Olympus L-10 Super is a 35mm film zoom lens SLR that you can find today for less than $100. Its integrated lens with aspherical elements has a motorized variable focal length of 28mm-110mm with a maximum aperture of 𝒇4.5 (𝒇5.6 at longer focal lengths). Its top shutter speed is 1/2,000, powered by two CR123 batteries. L-10 also sports an integrated flash, spot and TTL center-weighted metering, a “panorama” mask and a date stamp option.
For a while, it’s been the longest-lensed camera on my shelf and the only 35mm SLR — until I got my Pen FV. And despite its cheap tag, it still has the fastest shutter speed than anything else I own.
While by no means a perfect camera, I can’t say that I don’t enjoy its relative versatility and ease of use. The body of L-10 is reminiscent of consumer tech toys I remember from the ‘90s, plasticky, plastered with logos, and very comfortable in hand.
Olympus L-10 Super in use.
L-10 is one of the earliest cameras to implement the modern SLR look and ergonomics. By today’s standards, it looks somewhat boring and unremarkable. The upside to this design is a much better grip than that of a typical vintage “brick” and easy one-handed operation.
Despite its plasticky build, there is some delightful attention to detail: a nob at the bottom of the lens so that the camera can stand perfectly upright without leaning down. Materials aside, everything seems to be fitting really well together on this “Made in Japan” gadget.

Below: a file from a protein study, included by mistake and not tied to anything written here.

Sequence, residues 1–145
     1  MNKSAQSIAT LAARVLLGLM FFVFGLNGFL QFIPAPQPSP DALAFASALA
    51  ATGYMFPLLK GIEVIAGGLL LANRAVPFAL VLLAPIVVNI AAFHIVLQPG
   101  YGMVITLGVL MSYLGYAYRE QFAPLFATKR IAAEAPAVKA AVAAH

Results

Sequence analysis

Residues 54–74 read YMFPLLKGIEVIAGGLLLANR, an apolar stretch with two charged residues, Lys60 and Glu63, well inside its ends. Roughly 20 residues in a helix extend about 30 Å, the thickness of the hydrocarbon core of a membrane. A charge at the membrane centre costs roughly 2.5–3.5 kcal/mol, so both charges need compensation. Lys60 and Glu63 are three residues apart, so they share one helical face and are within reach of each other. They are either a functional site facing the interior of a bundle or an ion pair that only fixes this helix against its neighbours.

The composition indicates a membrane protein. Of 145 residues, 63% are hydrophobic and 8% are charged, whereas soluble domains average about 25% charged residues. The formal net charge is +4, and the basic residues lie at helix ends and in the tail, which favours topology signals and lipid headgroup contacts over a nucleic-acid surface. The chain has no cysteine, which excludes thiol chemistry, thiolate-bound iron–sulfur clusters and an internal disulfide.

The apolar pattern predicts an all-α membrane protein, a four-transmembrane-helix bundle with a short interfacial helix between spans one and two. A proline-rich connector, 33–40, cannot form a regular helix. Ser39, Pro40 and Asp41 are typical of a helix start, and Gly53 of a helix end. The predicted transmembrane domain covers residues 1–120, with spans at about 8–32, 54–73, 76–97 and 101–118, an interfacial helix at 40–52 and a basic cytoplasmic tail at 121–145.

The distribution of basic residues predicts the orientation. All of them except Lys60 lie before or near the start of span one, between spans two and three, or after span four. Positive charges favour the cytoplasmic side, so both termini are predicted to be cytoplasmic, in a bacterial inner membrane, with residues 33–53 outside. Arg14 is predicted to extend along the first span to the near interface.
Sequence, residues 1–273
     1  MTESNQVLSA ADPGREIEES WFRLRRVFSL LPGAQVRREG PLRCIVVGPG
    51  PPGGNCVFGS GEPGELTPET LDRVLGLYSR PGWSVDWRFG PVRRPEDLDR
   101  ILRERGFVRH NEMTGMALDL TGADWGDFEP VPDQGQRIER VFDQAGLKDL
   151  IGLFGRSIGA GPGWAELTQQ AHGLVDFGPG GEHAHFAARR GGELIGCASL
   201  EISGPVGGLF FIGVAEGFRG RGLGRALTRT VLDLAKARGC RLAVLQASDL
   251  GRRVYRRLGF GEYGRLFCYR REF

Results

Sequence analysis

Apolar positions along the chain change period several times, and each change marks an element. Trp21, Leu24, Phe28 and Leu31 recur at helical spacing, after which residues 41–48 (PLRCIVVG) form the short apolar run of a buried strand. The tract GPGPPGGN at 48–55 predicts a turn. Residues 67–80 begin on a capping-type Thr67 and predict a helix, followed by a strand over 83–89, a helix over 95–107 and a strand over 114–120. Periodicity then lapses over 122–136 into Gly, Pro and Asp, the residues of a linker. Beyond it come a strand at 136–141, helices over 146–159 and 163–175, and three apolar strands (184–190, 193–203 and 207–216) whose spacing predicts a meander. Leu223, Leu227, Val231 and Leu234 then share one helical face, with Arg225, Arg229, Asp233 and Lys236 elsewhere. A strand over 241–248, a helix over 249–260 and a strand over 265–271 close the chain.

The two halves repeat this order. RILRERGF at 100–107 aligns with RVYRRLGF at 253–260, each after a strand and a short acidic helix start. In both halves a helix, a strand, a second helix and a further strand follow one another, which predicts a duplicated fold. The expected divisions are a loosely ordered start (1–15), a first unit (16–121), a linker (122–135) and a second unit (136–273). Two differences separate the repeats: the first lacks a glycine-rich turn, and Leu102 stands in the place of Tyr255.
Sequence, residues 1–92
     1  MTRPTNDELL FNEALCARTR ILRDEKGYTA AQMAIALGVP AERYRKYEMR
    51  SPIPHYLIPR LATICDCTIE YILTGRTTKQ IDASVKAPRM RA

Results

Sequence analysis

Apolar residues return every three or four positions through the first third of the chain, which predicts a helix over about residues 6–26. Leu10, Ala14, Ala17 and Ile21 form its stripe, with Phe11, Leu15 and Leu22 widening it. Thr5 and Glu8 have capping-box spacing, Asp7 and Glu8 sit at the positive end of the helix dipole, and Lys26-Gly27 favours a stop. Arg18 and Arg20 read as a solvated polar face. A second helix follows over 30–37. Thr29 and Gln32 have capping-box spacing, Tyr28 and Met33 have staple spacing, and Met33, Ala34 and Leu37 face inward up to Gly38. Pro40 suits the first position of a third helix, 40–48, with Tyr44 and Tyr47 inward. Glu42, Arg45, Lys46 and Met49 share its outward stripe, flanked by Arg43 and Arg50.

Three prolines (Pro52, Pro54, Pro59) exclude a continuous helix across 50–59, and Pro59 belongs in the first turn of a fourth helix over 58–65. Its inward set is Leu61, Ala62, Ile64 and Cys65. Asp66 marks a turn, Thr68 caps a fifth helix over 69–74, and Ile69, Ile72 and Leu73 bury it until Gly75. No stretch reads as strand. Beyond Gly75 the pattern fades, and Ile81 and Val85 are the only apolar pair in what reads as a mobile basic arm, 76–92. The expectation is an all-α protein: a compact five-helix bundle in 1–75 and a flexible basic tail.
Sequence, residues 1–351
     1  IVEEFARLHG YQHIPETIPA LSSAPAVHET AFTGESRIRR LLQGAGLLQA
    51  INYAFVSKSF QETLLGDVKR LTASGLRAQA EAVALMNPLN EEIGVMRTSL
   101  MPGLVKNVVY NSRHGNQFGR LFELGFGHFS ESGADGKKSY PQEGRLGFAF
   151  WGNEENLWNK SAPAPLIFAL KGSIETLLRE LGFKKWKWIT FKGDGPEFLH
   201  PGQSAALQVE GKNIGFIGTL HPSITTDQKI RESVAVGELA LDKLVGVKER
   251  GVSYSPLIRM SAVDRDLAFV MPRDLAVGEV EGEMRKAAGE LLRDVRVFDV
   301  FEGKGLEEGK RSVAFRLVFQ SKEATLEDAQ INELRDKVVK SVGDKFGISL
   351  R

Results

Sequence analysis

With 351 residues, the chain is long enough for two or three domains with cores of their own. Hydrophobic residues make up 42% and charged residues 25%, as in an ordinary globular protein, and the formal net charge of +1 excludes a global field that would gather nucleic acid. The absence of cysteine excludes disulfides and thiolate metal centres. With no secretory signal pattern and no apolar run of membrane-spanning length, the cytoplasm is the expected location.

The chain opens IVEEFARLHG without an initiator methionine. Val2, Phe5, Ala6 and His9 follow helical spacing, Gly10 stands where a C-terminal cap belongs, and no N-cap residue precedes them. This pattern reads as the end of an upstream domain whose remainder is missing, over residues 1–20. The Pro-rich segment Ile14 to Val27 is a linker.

The designers went as far as they possibly could with automation on this camera. Auto-film winding, auto-focus, auto-exposure, auto flash sync, and motorized zoom. The complexity of operating a film camera is completely removed, replaced with a limited set of options to override the defaults.
Thankfully, the common auto-sin of the cameras from that era — a relentless hard-to-shut-off flash — isn’t present. Turning the camera on with the switch on the left side pulled halfway won’t pop it at all. And if it does end up in the “on” position, it’s easy to shut it down by drawing it back into the body. When you do end up using flash, it could be cycled between “Auto,” “Auto-S” (red-eye reduction), and “Fill” — to open up the shadows in the daytime.
Note that the flash takes the spot of an accessory shoe, so you are stuck with what you got — no external flashes, metres, or finders.
The options that I found the most useful on L-10 Super are the button that forces the 1/2,000 shutter speed and “F.No.” to set the widest aperture available, typically 𝒇5.6.
I’ve never touched the “panorama,” as all it does is masks the top and bottom slices of the frame, which I could do myself in Photoshop or in print without potentially losing the “good bits” of an image.
The best part about these controls is that I do not need to explain how to get them to work — look at the top plate and find all the options in plain sight. No elaborate menus or hidden switches. Easy. There’s absolutely nothing difficult about this camera: changing the batteries, loading film, operating the zoom lens can all be easily figured out without a manual, even if this is the first time shooting film.